Notes on a Cabinet Meeting
Oct. 21. present the 4. Secretaries. 1. What force shall be left through the winter in the Mediterranean?
2. what negociations, what presents shall be proposed to Marocco?
Answ. 1. the two largest frigates, President & Chesapeake, the time of whose men is out in December, ought to be called home immediately.
the two last frigates, the N. York, and John Adams, which are smallest also, & the men engaged till Aug. next to remain through the winter, even if peace be made with Tripoli.
the Adams, whose times are up in April, to remain thro’ the winter, or come away accdg to appearances with Marocco.
Answ. 2. forbid Simpson to stipulate any presents or paimts. at fixed periods. but allow him to go as far as 20,000 D. to obtain a firm establmt of the state of peace with Marocco.
Shall the expences of transporting our abandoned seamen home, by the Consul Lee, be paid by us, and out of what fund?
unanimously that it must be paid, & out of the contingent fund of 20,000. D.
MS (DLC: TJ Papers, 112:19297); entirely in TJ’s hand; follows, on same sheet, Notes on a Cabinet Meeting of 18 Jan. 1802.
PRESIDENT & CHESAPEAKE: that is, the Constellation and the Chesapeake. The President had returned to the United States in the spring of 1802 under the command of Richard Dale. “I have it in charge from the President,” Robert Smith wrote to Richard V. Morris on 23 Oct., to order the Constellation and Chesapeake back to the United States “without delay.” The enlistments of the crew of the schooner Enterprize were to expire on 15 Feb., but Smith hoped that enough officers and crew would elect to extend their service to allow Morris to keep that vessel in the Mediterranean (NDBW description begins Dudley W. Knox, ed., Naval Documents Related to the United States Wars with the Barbary Powers, Washington, D.C., 1939–44, 6 vols. and Register of Officer Personnel and Ships’ Data, 1801–1807, Washington, D.C., 1945 description ends , 2:115, 306–7).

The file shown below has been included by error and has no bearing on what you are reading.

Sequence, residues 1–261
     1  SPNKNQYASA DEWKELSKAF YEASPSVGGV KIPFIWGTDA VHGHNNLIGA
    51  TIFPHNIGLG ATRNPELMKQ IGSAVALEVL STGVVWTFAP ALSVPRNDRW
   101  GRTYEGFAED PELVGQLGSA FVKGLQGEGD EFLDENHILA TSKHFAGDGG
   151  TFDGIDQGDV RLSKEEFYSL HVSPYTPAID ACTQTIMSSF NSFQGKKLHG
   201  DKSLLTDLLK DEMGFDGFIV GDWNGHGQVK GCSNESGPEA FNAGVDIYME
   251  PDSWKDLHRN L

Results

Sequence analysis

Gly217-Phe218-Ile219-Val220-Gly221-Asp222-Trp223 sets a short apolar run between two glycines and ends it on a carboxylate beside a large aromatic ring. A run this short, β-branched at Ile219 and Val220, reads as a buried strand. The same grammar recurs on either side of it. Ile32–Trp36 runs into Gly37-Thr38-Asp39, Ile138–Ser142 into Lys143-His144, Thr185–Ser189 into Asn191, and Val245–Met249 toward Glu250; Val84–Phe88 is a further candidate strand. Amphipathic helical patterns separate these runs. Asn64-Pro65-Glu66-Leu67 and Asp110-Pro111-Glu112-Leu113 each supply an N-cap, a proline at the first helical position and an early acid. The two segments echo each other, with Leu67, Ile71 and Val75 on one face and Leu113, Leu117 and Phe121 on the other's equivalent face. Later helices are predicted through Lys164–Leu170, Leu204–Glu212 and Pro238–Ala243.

ACCDG TO APPEARANCES WITH MAROCCO: Smith instructed Morris to send the Adams home if “our differences with Morocco” were resolved (same, 306).
Madison wrote to James SIMPSON on 21 Oct., authorizing the consul to draw funds from Morris. Simpson was not to expend more than $20,000, “nor to go as far as that sum, unless it shall produce a firm peace and an express or tacit relinquishment” of Morocco’s demand for “presents at stated periods,” which Madison called “another name only, for tribute.” Simpson was to be “as sparing of expense” as possible, “both from a regard to œconomy, and to the policy of keeping down the hopes and pretensions of these mercenary powers” (Madison, Papers, Sec. of State Ser. description begins William T. Hutchinson, Robert A. Rutland, J. C. A. Stagg, and others, eds., The Papers of James Madison, Chicago and Charlottesville, 1962–, 33 vols. Sec. of State Ser., 1986–, 9 vols.; Pres. Ser., 1984–, 6 vols.; Ret. Ser., 2009–, 1 vol. description ends , 4:38).
CONTINGENT FUND: the 1802 appropriations act, passed on 1 May, allocated $20,000 for “defraying the contingent expenses of government” (U.S. Statutes at Large description begins Richard Peters, ed., The Public Statutes at Large of the United States . . . 1789 to March 3, 1845, Boston, 1855–56, 8 vols. description ends , 2:188).